Scalia was known for acerbic, colorful opinions. One that’s been frequently referenced since his death was his describing something called the “Lemon test” as being akin to a “ghoul in a late-night horror movie that repeatedly sits up in its grave” to frighten people about government crossing the line of church-state separation. But what is this Lemon test? It’s derived from a 1971 Supreme Court case, Lemon v. Kurtzman, which ruled the Establishment Clause was violated when public school monies were used to reimburse private schools (mostly Catholic) teachers’ salaries when they taught using public textbooks and instructional materials. Chief Justice Warren Burger (a conservative Nixon pick) used the case to outline a new three-part judicial test for statutes involving church-state separation. Burger said such statutes must 1) have a secular legislative purpose, 2) have a primary effect that neither advances nor inhibits religion, and 3) must not foster an excessive entanglement of government and religion.

Contrary to Scalia’s characterization, such a test would almost certainly not have struck the Founders as “ghoulish,” as a brief look at Madison’s and Jefferson’s views will show. Let’s now examine how their views—their intents—measure up against Scalia’s claimed originalism in matters of church-state separation.


Madison’s views on the proper relationship between government and religion were most enduringly spelled out in his 1785 Memorial and Remonstrance Against Religious Assessments, a 15-point opposition to Patrick Henry’s proposal to use state funds in Virginia to pay teachers of the Christian religion. Here we find Madison making a number of statements of resounding clarity. For example:

“The religion then of every man must be left to the conviction and conscience of every man.”

“In matters of religion, no man’s right is abridged by the institution of Civil Society and Religion is wholly exempt from its cognizance.”

“Instead of holding forth an Asylum to the persecuted, it [Patrick Henry’s bill] is itself a signal of persecution. It degrades from the equal ranks of Citizens all those whose opinions in Religion do not bend to those of the Legislative authority… the bill implies either that the civil magistrate is a competent judge of religious truths, or that he may employ religion as an engine of civil policy. The first is an arrogant pretension falsified by the contradictory opinions of rulers of all ages and throughout the world; the second an unhallowed perversion of the means of salvation.”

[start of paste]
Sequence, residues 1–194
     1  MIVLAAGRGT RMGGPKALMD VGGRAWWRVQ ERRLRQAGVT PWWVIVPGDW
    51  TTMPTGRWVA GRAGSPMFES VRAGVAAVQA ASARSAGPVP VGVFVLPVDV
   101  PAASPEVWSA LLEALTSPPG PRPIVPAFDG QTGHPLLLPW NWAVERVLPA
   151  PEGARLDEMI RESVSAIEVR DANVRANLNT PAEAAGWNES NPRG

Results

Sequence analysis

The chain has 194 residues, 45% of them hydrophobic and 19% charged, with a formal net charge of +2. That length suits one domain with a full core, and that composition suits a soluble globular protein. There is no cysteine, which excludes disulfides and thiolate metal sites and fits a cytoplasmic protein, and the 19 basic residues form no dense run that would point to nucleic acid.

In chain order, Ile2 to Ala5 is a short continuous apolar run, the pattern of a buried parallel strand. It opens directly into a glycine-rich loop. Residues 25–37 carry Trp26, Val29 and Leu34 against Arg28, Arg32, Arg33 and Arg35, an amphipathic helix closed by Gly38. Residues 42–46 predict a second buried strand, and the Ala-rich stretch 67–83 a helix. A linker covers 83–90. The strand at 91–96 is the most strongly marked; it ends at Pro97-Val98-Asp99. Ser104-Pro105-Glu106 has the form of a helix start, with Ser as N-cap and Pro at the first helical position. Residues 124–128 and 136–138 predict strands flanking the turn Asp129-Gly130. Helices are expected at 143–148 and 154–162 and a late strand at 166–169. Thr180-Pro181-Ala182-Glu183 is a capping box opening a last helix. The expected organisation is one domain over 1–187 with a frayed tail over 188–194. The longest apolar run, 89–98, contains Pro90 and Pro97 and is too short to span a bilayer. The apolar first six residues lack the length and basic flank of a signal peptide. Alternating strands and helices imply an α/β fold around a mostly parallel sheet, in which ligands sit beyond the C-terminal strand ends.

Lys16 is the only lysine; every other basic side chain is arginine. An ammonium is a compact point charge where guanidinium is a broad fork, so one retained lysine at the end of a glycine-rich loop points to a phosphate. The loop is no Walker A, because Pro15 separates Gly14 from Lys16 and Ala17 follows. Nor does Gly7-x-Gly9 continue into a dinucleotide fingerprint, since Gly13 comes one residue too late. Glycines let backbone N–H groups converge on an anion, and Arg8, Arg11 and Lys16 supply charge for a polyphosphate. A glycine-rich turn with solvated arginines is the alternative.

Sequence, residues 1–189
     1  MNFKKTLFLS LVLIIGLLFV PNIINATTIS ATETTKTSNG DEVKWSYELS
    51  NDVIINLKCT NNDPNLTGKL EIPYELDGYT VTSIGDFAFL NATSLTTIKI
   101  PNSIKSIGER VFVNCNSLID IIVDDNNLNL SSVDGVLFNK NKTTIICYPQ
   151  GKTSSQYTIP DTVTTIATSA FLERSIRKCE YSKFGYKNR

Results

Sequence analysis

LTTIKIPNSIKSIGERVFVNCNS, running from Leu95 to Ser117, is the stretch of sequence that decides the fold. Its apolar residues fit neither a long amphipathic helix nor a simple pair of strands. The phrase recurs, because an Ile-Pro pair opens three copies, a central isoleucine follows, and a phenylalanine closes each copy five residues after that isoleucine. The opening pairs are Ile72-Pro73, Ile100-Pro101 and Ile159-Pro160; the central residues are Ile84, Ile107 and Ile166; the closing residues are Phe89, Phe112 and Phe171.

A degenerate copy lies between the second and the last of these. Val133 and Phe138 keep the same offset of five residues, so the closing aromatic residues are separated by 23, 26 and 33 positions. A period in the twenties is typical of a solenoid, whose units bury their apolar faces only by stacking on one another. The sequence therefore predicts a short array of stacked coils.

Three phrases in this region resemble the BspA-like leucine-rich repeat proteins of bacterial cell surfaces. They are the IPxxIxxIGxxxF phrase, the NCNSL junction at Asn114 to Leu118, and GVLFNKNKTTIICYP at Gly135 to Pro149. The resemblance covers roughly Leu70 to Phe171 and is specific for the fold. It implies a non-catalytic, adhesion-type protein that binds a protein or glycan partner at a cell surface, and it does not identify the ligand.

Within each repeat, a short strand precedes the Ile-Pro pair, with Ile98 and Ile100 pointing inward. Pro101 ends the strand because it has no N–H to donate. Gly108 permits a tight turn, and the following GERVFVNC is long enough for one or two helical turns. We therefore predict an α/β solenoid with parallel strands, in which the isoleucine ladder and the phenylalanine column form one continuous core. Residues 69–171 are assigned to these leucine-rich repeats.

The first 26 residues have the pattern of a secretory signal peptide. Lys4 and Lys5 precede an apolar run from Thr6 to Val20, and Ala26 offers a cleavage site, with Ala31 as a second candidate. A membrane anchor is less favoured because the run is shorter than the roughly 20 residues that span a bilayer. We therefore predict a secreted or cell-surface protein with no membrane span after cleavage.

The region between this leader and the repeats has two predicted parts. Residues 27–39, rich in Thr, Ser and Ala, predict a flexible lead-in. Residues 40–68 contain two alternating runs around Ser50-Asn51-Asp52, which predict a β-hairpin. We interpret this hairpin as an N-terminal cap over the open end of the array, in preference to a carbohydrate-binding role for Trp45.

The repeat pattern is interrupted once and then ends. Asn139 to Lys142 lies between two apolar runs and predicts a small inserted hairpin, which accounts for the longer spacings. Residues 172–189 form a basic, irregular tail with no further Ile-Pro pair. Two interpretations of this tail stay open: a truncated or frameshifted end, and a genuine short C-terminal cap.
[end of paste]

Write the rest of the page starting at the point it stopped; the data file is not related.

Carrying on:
But his Remonstrance was by no means Madison’s only commentary on the subject. In a letter to Edward Livingston in 1822 he opened by saying, “I observe with particular pleasure the view you have taken of the immunity of Religion from civil jurisdiction… This has always been a favorite principle with me.  … in some parts of our Country there remains a strong bias towards the old error, that without some sort of alliance or coalition between Govt and Religion neither can be duly supported. Such indeed is the tendency to such a coalition, and such its corrupting influence on both the parties, that the danger cannot be too carefully guarded against. … Every new & successful example therefore of a perfect separation between ecclesiastical and civil matters is of importance. And I have no doubt that every new example, will succeed, as every past one has done, in shewing that religion and Govt will both exist in greater purity, the less they are mixed together.”

Using religion to abridge natural and equal rights

In a post-presidency Detached Memorandum Madison pointed out inconsistencies he saw between government practice and the spirit of church-state separation embodied in the First Amendment. (For one thing, Madison opposed having government monies pay for military or congressional chaplains, calling it unconstitutional.) He refers to attempts that were made by some delegates in Virginia to insert the words “Jesus Christ” after “our Lord” in the preamble to Jefferson’s Statute for Religious Freedom. [Note: In these 18th and 19th century times, terms such as “Lord” referred primarily to God in a generic sense and not to any individual such as Christ.] Madison said such an insertion would have implied “a restriction of the liberty defined in the Bill to those professing his religion only,” and applying the name Jesus in such a context would profane it “by making it a topic of legal discussion, & particularly by making his religion the means of abridging the natural and equal rights of all men.”

Madison’s Memorandum went on to criticize the issuance of religious proclamations by government, saying that although they might be recommendations only, “they imply a religious agency… [and] seem to imply and certainly nourish the erroneous idea of a national religion.” A related problem he saw was that the practice tends to narrow the recommendation to the standard of the predominant sect “and naturally terminates in a conformity to the creed of the majority.” He concluded forcefully that “members of a Govt can in no sense be regarded as possessing an advisory trust from their Constituents in their religious capacities. They cannot…issue decrees or injunctions addressed to the faith or the Consciences of the people.”